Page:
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I have a class whose constructor will throw an exception. I also have a catch block to handle that exception. But still, I see that the exception is propagated back to the caller even though it is handled. I know, there should be an exception to inform the caller that construction failed. But in this case how does it (re-throw) happen?

class Test
{
    public:
        Test()
        try
        {
            std::cout << "in child constructor" << std::endl;
            throw 3.2;
        }
        catch(int &e)
        {
            std::cout << "in int catch: " << e << std::endl;
        }
        catch (double &e)
        {
            std::cout << "in double catch: " << e << std::endl;
        }
};

int main (void)
{
    try
    {
        Test obj;
    }
    catch (int &e)
    {
        std::cout << "in main int catch: " << e << std::endl;
    }
    catch (double &e)
    {
        std::cout << "in main double catch: " << e << std::endl;
    }

    return 0;
}

The output I got is

in child constructor
in double catch: 3.2
in main double catch: 3.2
share|improve this question
    
This was asked not long ago. You can't stop it in the constructor. stackoverflow.com/questions/17564037/… –  chris Jul 11 '13 at 18:35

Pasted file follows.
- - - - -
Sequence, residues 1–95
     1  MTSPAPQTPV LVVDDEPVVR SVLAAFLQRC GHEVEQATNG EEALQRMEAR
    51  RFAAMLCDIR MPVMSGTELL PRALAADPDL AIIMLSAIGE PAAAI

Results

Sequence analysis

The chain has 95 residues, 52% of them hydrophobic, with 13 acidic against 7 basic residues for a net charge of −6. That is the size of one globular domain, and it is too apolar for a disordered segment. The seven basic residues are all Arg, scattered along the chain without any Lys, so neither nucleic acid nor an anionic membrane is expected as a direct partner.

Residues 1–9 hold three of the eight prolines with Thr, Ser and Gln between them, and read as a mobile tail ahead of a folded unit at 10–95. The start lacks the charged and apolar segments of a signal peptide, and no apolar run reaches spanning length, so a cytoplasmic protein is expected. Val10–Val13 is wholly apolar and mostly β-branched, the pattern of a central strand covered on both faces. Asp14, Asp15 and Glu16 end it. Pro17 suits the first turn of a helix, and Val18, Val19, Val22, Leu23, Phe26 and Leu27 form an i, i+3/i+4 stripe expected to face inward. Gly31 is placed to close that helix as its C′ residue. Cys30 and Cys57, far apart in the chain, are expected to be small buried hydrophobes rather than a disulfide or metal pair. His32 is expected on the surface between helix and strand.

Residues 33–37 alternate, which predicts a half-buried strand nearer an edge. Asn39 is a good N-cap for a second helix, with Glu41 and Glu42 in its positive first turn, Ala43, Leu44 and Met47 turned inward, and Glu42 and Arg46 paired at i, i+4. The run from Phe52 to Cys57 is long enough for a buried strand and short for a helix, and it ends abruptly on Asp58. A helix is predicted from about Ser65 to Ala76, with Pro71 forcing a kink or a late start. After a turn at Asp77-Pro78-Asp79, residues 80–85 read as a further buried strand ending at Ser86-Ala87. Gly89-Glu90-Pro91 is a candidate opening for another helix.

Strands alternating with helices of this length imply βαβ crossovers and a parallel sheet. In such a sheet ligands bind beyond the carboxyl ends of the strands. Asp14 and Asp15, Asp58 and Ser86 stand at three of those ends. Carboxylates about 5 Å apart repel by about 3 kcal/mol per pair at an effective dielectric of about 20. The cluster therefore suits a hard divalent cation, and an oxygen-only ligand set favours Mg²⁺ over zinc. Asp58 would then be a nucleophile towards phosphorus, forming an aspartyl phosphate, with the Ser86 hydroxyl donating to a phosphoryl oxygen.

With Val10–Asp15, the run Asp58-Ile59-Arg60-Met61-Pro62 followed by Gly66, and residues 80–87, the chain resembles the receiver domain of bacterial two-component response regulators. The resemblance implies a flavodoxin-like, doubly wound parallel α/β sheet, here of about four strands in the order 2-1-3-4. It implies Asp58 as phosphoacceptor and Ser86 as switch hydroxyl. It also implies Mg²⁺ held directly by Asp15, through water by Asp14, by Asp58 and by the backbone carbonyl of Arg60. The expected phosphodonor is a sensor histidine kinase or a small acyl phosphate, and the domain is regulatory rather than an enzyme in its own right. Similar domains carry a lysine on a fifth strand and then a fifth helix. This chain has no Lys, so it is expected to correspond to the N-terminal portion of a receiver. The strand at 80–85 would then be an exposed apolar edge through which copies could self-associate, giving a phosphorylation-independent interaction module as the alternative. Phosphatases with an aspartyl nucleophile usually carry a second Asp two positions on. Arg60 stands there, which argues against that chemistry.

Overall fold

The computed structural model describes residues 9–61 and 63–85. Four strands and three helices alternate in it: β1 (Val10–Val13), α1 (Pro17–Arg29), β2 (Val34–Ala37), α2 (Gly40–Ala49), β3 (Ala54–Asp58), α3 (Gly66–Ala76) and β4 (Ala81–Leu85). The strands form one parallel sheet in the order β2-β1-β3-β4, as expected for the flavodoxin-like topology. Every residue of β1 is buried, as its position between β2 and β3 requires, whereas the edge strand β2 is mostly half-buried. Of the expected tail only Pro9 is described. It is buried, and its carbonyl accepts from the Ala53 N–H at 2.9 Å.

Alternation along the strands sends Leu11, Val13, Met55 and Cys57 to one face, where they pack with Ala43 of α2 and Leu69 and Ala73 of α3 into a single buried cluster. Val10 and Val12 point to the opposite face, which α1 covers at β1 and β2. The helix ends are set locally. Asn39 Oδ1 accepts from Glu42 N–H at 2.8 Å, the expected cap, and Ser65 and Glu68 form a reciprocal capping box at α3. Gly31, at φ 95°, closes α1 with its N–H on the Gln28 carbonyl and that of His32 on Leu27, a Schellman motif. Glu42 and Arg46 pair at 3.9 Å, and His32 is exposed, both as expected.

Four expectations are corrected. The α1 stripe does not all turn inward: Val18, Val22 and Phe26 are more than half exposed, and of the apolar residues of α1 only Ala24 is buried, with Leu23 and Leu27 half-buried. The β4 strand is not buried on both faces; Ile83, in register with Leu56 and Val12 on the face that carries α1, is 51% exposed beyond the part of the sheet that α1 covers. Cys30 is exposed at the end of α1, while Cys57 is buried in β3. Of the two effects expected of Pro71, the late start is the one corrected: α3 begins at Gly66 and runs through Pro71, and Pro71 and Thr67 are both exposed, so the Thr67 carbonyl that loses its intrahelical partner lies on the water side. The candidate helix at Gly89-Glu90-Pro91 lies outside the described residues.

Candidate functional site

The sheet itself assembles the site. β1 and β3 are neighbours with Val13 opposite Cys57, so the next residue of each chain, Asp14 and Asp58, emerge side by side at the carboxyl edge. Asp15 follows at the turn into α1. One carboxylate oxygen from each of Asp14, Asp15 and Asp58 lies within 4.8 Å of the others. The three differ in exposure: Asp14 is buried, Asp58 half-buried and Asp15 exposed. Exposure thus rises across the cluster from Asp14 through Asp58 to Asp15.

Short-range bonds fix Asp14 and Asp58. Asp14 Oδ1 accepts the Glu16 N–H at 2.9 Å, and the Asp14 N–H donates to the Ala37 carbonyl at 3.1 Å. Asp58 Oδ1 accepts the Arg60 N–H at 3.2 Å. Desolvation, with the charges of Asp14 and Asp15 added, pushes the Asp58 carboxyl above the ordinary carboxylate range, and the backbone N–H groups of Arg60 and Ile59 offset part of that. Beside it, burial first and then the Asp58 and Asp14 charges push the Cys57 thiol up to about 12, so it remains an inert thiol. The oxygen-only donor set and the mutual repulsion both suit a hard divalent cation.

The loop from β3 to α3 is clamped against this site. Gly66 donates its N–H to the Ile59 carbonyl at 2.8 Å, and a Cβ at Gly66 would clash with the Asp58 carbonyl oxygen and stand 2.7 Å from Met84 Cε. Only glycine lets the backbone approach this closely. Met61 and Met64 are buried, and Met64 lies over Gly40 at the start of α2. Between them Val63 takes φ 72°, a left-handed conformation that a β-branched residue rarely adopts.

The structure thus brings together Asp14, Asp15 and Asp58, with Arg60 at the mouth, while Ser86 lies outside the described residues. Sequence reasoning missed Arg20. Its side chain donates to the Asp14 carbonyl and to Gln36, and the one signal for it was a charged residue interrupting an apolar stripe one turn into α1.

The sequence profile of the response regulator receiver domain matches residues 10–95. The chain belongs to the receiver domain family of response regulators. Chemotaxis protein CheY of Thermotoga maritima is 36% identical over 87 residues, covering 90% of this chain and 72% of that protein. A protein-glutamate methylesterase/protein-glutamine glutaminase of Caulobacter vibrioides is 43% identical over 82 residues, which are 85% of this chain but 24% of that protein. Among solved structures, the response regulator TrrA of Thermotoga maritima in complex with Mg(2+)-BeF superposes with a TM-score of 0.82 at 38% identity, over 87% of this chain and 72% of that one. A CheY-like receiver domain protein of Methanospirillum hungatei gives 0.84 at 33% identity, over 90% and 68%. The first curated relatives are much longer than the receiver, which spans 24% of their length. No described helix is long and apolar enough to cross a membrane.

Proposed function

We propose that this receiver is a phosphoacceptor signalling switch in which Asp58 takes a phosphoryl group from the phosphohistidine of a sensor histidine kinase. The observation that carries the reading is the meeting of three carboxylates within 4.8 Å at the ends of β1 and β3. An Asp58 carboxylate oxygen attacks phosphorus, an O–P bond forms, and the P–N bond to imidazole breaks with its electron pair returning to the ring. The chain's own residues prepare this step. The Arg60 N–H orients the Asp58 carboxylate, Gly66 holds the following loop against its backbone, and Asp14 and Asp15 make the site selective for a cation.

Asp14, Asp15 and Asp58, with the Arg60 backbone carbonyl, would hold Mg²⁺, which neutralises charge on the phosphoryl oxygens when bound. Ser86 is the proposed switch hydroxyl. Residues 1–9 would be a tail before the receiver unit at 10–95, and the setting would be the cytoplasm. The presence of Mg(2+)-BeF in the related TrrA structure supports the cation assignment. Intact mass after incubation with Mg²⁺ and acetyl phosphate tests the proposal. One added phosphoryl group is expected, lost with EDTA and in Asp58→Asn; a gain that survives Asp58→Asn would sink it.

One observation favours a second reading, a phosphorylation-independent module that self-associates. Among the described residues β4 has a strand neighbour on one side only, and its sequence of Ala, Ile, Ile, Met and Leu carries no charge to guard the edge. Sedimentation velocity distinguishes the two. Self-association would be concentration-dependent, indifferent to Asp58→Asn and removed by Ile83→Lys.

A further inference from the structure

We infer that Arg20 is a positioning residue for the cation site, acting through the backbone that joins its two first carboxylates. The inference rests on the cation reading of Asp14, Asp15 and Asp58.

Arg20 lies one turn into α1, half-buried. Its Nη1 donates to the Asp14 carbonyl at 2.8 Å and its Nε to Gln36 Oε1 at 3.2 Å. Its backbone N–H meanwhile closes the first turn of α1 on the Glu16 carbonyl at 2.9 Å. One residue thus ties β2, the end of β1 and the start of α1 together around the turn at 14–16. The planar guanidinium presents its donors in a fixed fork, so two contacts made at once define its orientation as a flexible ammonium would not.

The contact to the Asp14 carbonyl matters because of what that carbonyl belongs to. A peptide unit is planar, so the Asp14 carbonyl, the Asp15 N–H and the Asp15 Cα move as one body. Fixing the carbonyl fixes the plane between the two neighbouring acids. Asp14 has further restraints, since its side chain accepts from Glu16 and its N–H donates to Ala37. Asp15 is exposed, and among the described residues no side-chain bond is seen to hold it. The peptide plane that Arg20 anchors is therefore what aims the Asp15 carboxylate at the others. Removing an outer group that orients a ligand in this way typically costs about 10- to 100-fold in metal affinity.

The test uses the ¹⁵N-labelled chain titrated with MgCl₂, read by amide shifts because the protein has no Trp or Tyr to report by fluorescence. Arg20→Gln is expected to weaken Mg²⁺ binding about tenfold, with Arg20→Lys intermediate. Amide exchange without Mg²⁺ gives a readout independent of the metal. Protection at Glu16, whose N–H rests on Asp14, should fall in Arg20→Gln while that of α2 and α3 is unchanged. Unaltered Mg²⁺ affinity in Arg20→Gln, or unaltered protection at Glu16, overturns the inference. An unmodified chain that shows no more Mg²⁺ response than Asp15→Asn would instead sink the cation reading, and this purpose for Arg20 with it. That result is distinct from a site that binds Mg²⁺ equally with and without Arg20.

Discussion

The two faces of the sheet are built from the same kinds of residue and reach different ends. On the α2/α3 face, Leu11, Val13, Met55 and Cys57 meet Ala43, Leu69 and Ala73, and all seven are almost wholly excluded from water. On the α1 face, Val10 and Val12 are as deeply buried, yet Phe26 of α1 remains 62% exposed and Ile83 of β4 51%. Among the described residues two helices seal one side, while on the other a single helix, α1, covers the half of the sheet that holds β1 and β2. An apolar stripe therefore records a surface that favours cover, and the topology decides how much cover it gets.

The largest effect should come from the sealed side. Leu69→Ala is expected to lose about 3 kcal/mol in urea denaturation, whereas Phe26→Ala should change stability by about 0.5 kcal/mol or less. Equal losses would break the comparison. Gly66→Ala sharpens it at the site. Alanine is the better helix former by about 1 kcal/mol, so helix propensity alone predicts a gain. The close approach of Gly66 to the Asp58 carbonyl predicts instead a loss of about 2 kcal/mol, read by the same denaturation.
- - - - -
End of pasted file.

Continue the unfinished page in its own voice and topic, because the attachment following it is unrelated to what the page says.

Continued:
constructor is missing { }. –  user1810087 Jul 11 '13 at 18:37
    
@itwasntpete, The try block substitutes. –  chris Jul 11 '13 at 18:38
    
ok... didn't know that :) thx –  user1810087 Jul 11 '13 at 18:38

1 Answer 1

This is correct according to standard. Section 15.3, point 15 of n3337.pdf reads:

The currently handled exception is rethrown if control reaches the end of a handler of the function-try-block of a constructor or destructor. Otherwise, a function returns when control reaches the end of a handler for the function-try-block (6.6.3). Flowing off the end of a function-try-block is equivalent to a return with no value; this results in undefined behavior in a value-returning function (6.6.3).

You can fully catch and prevent an exception from propagating inside constructor/destructor body. You cannot however catch the exceptions thrown from base class/member constructors/destructors this way.

share|improve this answer
    
If base/member subobject construction fails, you can't possibly complete construction of the derived object. Ergo, the exception is rethrown automatically. –  Casey Jul 11 '13 at 18:50
    
And that's what I intended to explain. –  Tomek Jul 11 '13 at 18:52

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